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  • About
  • The Global ETD Search service is a free service for researchers to find electronic theses and dissertations. This service is provided by the Networked Digital Library of Theses and Dissertations.
    Our metadata is collected from universities around the world. If you manage a university/consortium/country archive and want to be added, details can be found on the NDLTD website.

Analysis and Prediction of Community Structure Using Unsupervised Learning

Biradar, Rakesh 26 January 2016 (has links)
In this thesis, we perform analysis and prediction for community structures in graphs using unsupervised learning. The methods we use require the data matrices to be of low rank, and such matrices appear quite often in real world problems across a broad range of domains. Such a modelling assumption is widely considered by classical algorithms such as principal component analysis (PCA), and the same assumption is often used to achieve dimensionality reduction. Dimension reduction, which is a classic method in unsupervised learning, can be leveraged in a wide array of problems, including prediction of strength of connection between communities from unlabeled or partially labeled data. Accordingly, a low rank assumption addresses many real world problems, and a low rank assumption has been used in this thesis to predict the strength of connection between communities in Amazon product data. In particular, we have analyzed real world data across retail and cyber domains, with the focus being on the retail domain. Herein, our focus is on analyzing the strength of connection between the communities in Amazon product data, where each community represents a group of products, and we are given the strength of connection between the individual products but not between the product communities. We call the strength of connection between individual products first order data and the strength of connection between communities second order data. This usage is inspired by [1] where first order time series are used to compute second order covariance matrices where such covariance matrices encode the strength of connection between the time series. In order to find the strength of connection between the communities, we define various metrics to measure this strength, and one of the goals of this thesis is to choose a good metric, which supports effective predictions. However, the main objective is to predict the strength of connection between most of the communities, given measurements of the strength of connection between only a few communities. To address this challenge, we use modern extensions of PCA such as eRPCA that can provide better predictions and can be computationally efficient for large problems. However, the current theory of eRPCA algorithms is not designed to treat problems where the initial data (such as the second order matrix of communities strength) is both low rank and sparse. Therefore, we analyze the performance of eRPCA algorithm on such data and modify our approaches for the particular structure of Amazon product communities to perform the necessary predictions.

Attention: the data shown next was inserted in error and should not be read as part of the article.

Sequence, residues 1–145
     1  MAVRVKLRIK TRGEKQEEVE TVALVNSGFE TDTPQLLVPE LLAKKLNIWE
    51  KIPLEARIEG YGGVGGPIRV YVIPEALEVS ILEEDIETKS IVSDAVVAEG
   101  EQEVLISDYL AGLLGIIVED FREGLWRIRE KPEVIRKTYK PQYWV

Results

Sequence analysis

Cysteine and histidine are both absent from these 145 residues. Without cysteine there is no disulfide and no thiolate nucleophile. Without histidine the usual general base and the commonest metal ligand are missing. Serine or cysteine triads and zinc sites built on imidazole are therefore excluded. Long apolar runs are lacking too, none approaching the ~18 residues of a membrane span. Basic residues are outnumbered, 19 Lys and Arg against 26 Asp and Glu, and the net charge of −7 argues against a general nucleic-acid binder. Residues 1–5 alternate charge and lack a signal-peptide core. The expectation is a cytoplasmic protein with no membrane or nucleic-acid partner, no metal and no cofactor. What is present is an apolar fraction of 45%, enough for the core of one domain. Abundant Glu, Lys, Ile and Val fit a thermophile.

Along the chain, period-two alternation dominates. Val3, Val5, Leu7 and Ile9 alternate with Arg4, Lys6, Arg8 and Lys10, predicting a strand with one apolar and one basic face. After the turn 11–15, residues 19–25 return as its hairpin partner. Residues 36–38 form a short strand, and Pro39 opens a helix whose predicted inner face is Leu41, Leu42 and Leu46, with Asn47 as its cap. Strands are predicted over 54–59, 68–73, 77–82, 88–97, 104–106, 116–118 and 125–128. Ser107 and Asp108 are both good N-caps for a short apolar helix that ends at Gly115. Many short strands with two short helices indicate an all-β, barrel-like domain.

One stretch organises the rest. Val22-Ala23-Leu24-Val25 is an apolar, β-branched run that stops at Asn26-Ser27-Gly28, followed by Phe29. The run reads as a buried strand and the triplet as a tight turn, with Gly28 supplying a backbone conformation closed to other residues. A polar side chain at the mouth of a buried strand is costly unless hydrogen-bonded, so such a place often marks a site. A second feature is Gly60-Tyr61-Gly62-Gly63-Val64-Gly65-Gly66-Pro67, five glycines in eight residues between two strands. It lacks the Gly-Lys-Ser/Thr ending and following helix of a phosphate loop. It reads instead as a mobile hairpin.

Discovery and Interpretation of Subspace Structures in Omics Data by Low-Rank Representation

Lu, Xiaoyu 10 1900 (has links)
Indiana University-Purdue University Indianapolis (IUPUI) / Biological functions in cells are highly complicated and heterogenous, and can be reflected by omics data, such as gene expression levels. Detecting subspace structures in omics data and understanding the diversity of the biological processes is essential to the full comprehension of biological mechanisms and complicated biological systems. In this thesis, we are developing novel statistical learning approaches to reveal the subspace structures in omics data. Specifically, we focus on three types of subspace structures: low-rank subspace, sparse subspace and covariates explainable subspace. For low-rank subspace, we developed a semi-supervised model SSMD to detect cell type specific low-rank structures and predict their relative proportions across different tissue samples. SSMD is the first computational tool that utilizes semi-supervised identification of cell types and their marker genes specific to each mouse tissue transcriptomics data, for better understanding of the disease microenvironment and downstream disease mechanism. For sparsity-driven sparse subspace, we proposed a novel positive and unlabeled learning model, namely PLUS, that could identify cancer metastasis related genes, predict cancer metastasis status and specifically address the under-diagnosis issue in studying metastasis potential. We found PLUS predicted metastasis potential at diagnosis have significantly strong association with patient’s progression-free survival in their follow-up data. Lastly, to discover the covariates explainable subspace, we proposed an analytical pipeline based on covariance regression, namely, scCovReg. We utilized scCovReg to detect the pathway level second-order variations using scRNA-Seq data in a statistically powerful manner, and to associate the second-order variations with important subject-level characteristics, such as disease status. In conclusion, we presented a set of state-of-the-art computational solutions for identifying sparse subspaces in omics data, which promise to provide insights into the mechanism in complex diseases.